Learning To Cycle
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Some of these are unrealistic but not impossible move; get a staff job ; some are ridiculous learn to skateboard and dive ; and some are just plain doolally get me a baby — as Edwina said, in Raising Arizona.
So I look at my list again and circle the one thing I think is possible, useful and not too demanding of time: learn to ride a bicycle. It gets me Googling cycling lessons for adults, me emailing my borough for information and to the local park a week later to meet my instructor Will.
How to Learn to Bike as an Adult
Enfield, like so many other places throughout the UK, offers a couple of hours of free tuition to people who live, work or study in the area. The first thing I notice about Will is that he arrives riding the bike — something out of Toy Town on account of me being five feet nothing — standing up.
Not for long, and not with any grace, but cycling nonetheless. Nor am I getting the hang of being able to set off on my own, so Will calls it a day.
Lesson two begins in much the same way as lesson one. I start singing.
But singing does the trick. I go once, twice around the tennis court… and then I fall. Once, twice, and then I fall. Not only that, cycling was not thought to be a suitable activity for girls, so there were cultural barriers as well. After marrying her British husband and moving to the UK some decades ago, Alicia had tried to learn to ride so she could accompany her husband - a cyclist himself - and her daughter on bike rides, instead of always being left behind.
However, her husband's attempts to teach her had ended in failure and damaged her confidence further. But she at least had a bike of her own - and her desire to master riding it was as strong as ever. As with teaching a child to ride, the easiest way is to break the process down into several basic steps and getting the trainee to master each one before moving on to the next - that way confidence is built up slowly and surely. However, children tend to pick up balancing fairly quickly whereas an adult learner may have had a crash as a child that put them off cycling, or they may have already tried and failed to ride unaided.
It is essential that progress is made at the learner's own pace, no matter how slow that might be. First of all, before Alicia went anywhere near the bike, Julie checked that her clothing was suitable and that her trainer laces wouldn't get caught in the chain. She chose not to wear a helmet but had she done so, Julie would have checked that it fitted and was adjusted correctly - and most importantly, that she knew how to do that herself.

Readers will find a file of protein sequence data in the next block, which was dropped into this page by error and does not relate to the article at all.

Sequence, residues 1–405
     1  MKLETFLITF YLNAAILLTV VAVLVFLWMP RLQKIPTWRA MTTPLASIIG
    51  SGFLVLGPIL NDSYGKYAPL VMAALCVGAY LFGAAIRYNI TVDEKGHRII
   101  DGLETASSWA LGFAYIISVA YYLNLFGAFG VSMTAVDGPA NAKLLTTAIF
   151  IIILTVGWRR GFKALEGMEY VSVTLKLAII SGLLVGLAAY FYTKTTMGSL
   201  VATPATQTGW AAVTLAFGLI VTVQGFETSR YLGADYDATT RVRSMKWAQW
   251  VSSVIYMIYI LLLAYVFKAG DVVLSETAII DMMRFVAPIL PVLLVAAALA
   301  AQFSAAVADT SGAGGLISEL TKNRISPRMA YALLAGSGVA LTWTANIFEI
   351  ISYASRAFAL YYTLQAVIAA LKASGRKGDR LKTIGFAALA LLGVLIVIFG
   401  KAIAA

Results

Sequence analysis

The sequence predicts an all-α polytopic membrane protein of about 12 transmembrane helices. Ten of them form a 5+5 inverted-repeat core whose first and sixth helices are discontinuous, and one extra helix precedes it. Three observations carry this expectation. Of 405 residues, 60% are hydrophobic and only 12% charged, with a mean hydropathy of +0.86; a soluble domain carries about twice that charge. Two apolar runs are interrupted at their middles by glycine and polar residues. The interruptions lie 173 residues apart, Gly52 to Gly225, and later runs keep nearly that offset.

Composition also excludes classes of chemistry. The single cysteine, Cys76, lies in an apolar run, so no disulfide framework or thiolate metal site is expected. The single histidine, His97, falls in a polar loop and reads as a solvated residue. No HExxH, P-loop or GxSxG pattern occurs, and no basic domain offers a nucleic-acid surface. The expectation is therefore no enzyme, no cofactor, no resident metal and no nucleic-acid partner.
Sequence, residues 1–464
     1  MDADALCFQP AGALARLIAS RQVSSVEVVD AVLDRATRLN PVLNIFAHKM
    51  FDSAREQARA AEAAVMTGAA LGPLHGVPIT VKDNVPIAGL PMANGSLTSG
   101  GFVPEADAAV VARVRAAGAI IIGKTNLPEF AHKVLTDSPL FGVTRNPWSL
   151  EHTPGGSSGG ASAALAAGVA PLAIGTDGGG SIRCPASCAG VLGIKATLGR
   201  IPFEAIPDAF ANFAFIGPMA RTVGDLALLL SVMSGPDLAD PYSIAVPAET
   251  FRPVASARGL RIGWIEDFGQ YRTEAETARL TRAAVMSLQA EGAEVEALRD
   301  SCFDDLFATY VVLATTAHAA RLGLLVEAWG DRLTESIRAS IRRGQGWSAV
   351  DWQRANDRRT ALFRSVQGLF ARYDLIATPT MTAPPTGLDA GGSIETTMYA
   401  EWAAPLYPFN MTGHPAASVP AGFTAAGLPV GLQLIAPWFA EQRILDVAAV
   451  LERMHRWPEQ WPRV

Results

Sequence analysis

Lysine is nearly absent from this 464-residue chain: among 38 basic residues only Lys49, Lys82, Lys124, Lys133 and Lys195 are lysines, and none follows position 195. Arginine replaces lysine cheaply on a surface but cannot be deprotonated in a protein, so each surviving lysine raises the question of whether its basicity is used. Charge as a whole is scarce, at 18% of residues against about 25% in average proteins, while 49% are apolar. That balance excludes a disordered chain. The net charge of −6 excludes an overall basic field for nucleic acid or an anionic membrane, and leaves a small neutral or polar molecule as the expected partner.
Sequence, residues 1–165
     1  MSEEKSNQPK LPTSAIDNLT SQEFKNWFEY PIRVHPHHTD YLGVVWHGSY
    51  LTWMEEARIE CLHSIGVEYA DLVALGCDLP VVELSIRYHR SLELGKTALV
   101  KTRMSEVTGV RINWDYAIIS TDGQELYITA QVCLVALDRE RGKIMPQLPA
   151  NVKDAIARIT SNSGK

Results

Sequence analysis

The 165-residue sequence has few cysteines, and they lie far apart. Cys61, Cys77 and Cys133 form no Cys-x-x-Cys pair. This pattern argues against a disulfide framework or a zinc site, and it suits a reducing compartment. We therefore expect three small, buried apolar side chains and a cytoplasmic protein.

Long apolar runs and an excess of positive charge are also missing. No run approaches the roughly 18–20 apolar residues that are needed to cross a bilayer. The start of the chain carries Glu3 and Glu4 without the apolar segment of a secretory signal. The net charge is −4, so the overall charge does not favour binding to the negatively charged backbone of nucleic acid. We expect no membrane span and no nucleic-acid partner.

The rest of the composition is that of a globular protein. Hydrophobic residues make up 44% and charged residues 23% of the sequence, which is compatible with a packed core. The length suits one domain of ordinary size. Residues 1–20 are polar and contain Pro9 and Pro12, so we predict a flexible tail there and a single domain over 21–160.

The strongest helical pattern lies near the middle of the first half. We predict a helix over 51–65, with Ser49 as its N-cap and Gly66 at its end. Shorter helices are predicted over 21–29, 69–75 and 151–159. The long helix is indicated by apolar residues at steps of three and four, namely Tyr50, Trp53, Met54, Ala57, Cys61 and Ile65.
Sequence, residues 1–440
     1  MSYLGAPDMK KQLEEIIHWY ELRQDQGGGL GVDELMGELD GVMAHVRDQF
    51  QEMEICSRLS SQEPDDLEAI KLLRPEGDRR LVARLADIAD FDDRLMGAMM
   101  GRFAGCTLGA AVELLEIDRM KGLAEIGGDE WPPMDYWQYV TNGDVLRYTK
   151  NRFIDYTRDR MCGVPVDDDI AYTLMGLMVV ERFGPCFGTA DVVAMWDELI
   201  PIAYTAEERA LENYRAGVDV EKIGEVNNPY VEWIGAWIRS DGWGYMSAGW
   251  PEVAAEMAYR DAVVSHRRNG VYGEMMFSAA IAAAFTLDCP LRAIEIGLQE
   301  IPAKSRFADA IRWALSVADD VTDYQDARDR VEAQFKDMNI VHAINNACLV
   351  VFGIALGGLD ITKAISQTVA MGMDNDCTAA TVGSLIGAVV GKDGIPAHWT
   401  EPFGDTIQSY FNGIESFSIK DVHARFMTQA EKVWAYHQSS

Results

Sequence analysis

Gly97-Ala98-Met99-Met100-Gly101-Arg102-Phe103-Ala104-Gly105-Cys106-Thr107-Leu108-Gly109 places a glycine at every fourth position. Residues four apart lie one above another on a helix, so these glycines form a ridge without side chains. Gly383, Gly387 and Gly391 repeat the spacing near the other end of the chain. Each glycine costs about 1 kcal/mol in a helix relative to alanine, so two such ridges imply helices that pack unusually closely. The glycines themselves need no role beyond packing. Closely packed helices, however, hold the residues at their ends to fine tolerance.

Next, we looked at her bike and I showed her how to perform an 'M' check to make sure the tyres, the brakes, the chain and the frame were all in good working order. As the bike was new and had hardly been ridden, it passed with flying colours.
Next, we made sure that the bike fitted her well and she could reach the brake levers comfortably. We decided to put the saddle down as low as it could go so she could put both feet firmly on the ground - this helps novices feel more confident, although it should be raised again later on when they are pedalling unaided.
2. Put on comfortable clothes
It also helps with learning to get on and off by swinging the leg over the saddle whilst holding the brake levers on, which means the bike doesn't wobble or fall over. Next, Julie made sure Alicia herself was well and had no physical or psychological problems that could interfere with the training. Then it was time to find a quiet spot in the large car park and get Alicia to start scooting the bike. But before that, Julie made sure she knew how to stop by showing her how to squeeze the brake levers gently - both at the same time.
Julie didn't bother to take the pedals off as she could tell straight away that she had good natural balance and it wouldn't be long before she could start pedalling. After a few goes at 'walking' the bike up and down like a hobby horse, Alicia began to be able to pick her feet up off the ground and go a little further each time.
How to learn to cycle when you're over 50
The gently sloping gradient of the car park helped but Julie occasionally nudged the bike from behind, as the slower you go, the harder it is to balance a bike! It was the end of the first lesson - as it's important to stop before the rider is tired or getting frustrated. Soon, it felt time to start adding pedalling into the equation.
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Firstly, Julie showed Alicia how to 'set the pedal' by bringing the right hand pedal up with her foot so it was in line with the down tube. Many adults - and children - find this very hard as they forget to balance on their left leg at the same time! After much determined practice, Alicia finally got the hang of it.
Then they worked on pushing off and bringing the left foot on to the other pedal - Julie held on to the back of the saddle.
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